This is the practice frequently seen in visual media (but sometimes elsewhere), possibly as a result of The Law of Conservation of Detail, in which a character that winds up in jail on account of getting into some kind of trouble (the more absurd the charges, the better) need only make bail, and be on their way.
In Real Life, it almost never works that way. Posting bail is usually seen as a promise that the individual in question will show up for a later court date, and possibly sentencing. Jumping bail is heavily frowned upon too. But in fiction land, bail is little more than paying a fine to make your problem go away, as if the world operated on Monopoly logic.
Sometimes, a character may pay a small, inconsequential fine in-between episodes after posting bail, as yet another insurance that the problem won't linger. Then again, that's not usually considered to be worth the effort to show. Bail equaling automatic freedom is generally considered to be a flagrant case of Artistic License Law.
- Zigzagged in the Lucky Luke album Belle Starr. The titular character buys off key officials to excuse posting bail so she can hire new recruits.
- Used a few times in the Midnight Run. Jack's job is to hunt down bail-jumpers, so him being able to erase things with simply posting bail makes very little sense.
- Averted in Shaft, which plays fast-and-loose with law enforcement on pretty much every other count.
- Buddy in Elf merely gets bail, and nothing else, after attacking a Mall Santa.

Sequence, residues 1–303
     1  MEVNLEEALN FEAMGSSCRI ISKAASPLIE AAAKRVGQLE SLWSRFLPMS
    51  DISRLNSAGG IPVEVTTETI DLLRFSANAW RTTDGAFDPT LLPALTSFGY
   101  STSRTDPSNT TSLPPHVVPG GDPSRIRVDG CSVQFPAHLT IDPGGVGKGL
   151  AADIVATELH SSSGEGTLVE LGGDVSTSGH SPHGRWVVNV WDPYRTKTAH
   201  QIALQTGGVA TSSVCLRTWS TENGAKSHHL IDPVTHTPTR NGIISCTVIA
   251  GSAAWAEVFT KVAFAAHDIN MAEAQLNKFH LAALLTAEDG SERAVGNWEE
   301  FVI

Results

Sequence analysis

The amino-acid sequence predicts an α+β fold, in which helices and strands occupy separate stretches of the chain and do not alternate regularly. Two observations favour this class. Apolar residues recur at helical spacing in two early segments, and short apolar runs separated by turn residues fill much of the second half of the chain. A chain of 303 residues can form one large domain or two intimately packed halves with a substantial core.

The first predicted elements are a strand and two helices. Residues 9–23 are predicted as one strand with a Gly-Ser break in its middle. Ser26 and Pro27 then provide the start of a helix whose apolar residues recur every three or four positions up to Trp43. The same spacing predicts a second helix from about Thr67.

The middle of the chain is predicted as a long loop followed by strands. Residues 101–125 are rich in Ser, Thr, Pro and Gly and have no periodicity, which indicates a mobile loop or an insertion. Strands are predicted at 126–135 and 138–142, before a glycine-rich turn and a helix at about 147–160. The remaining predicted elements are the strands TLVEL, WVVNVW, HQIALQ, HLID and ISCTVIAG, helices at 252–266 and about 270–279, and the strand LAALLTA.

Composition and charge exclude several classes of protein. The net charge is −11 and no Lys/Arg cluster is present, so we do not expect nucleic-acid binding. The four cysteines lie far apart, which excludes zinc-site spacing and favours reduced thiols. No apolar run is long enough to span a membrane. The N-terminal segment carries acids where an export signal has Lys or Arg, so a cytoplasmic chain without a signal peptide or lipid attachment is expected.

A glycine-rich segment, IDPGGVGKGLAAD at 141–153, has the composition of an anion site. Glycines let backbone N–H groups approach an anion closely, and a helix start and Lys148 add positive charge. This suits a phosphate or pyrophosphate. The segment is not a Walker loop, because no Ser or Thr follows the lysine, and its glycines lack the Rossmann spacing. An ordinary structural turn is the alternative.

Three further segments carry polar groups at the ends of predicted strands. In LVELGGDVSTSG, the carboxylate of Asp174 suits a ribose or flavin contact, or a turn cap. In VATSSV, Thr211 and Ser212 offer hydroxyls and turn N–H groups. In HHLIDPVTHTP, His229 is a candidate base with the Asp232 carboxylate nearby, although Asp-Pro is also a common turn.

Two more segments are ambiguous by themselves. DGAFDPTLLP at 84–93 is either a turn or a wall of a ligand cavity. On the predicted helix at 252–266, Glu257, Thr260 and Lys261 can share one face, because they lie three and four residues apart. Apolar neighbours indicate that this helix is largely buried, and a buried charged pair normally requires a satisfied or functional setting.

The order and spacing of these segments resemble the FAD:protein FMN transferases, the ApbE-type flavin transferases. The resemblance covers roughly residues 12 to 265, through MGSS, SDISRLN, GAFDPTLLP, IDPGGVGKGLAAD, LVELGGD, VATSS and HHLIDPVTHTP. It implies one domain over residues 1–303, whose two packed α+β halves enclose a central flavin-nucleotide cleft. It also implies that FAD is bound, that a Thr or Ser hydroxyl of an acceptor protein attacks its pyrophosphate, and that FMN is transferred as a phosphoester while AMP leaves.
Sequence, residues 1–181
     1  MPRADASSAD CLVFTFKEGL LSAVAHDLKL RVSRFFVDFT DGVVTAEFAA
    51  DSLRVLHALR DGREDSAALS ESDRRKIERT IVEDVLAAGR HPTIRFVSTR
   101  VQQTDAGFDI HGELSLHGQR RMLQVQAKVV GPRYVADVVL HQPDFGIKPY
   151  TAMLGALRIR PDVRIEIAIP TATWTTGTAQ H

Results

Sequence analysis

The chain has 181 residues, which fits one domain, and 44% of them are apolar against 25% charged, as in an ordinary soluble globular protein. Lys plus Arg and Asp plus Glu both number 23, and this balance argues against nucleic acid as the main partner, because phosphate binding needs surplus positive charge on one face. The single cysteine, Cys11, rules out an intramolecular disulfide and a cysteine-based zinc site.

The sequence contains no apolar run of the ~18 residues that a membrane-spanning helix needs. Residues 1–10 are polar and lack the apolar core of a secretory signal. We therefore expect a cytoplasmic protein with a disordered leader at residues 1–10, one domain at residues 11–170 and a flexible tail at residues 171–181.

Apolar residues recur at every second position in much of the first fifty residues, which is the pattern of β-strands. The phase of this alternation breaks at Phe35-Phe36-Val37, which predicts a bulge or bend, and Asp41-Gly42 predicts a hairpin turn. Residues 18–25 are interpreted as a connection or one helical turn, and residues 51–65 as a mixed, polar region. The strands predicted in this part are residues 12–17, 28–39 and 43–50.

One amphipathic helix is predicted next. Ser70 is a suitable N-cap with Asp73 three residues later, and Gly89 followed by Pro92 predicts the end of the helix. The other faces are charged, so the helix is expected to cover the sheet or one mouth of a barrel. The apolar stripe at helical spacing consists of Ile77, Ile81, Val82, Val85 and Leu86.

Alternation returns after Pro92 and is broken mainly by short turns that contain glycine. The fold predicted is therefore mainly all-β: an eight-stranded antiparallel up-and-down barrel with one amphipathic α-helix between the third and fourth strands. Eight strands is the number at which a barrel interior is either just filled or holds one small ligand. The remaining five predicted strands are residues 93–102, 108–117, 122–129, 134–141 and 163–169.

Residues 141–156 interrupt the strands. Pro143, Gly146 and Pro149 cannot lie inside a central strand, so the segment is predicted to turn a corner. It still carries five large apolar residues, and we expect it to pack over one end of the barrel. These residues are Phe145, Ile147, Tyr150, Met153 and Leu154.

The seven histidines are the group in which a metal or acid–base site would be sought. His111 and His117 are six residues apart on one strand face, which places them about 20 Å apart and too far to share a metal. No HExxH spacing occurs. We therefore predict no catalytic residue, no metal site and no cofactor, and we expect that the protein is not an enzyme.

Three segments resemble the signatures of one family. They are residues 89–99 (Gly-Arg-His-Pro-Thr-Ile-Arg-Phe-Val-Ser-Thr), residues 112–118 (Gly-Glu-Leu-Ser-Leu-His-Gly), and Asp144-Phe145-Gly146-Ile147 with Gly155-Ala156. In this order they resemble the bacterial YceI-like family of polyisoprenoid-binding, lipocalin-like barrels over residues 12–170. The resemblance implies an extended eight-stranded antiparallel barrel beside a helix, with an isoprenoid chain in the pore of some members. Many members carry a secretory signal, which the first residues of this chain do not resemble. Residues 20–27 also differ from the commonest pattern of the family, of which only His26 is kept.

- Tomorrowland has this issue with Casey's arrest. She is presumably in jail for three days (but it flashes by in seconds), and it is said she made bail. How, is never explained. Presumably, her father got her out. But how does he have that kind of money? Also, he "climbed through hurdles" to keep Homeland Security off her back. How? That almost sounds like it'd make an even more interesting movie than the film itself! Also, she is shown wearing the same outfit as she had when arrested. Except, she'd be made aware of bail long before being allowed to change into her civilian clothes. If kept in custody for three days, she would have been put in Institutional Apparel, and probably been allowed at least one shower. No mention is made of a later court date, which would definitely be the case if she were sabotaging government property.
- Her staying in Tomorrowland could arguably be a case of bail-jumping. Then again, she commits so many other felonies in her quest to save the future, this sort of makes sense.
- The Art of Arrow Cutting by Stephen Dedman features this.
- Around the World in Eighty Days has Phileas Fogg and Passepartout merely post bail, and not have another worry afterward; even though they'd desecrated a temple.
Live action TV
- Used frequently in the original Knight Rider series. Michael can usually count on the Foundation to make his problems disappear, no matter what crime he's charged with.
- On My Name Is Earl, Earl feels compelled to help his ex-wife Joy make bail. Of course, this goes horribly wrong, as she's on her third strike and bail is at a million. The antics Earl must go through to save others throughout the series lead to him having up to ten strikes at least, but he is always able somehow to post bail, breaking the show's internal logic.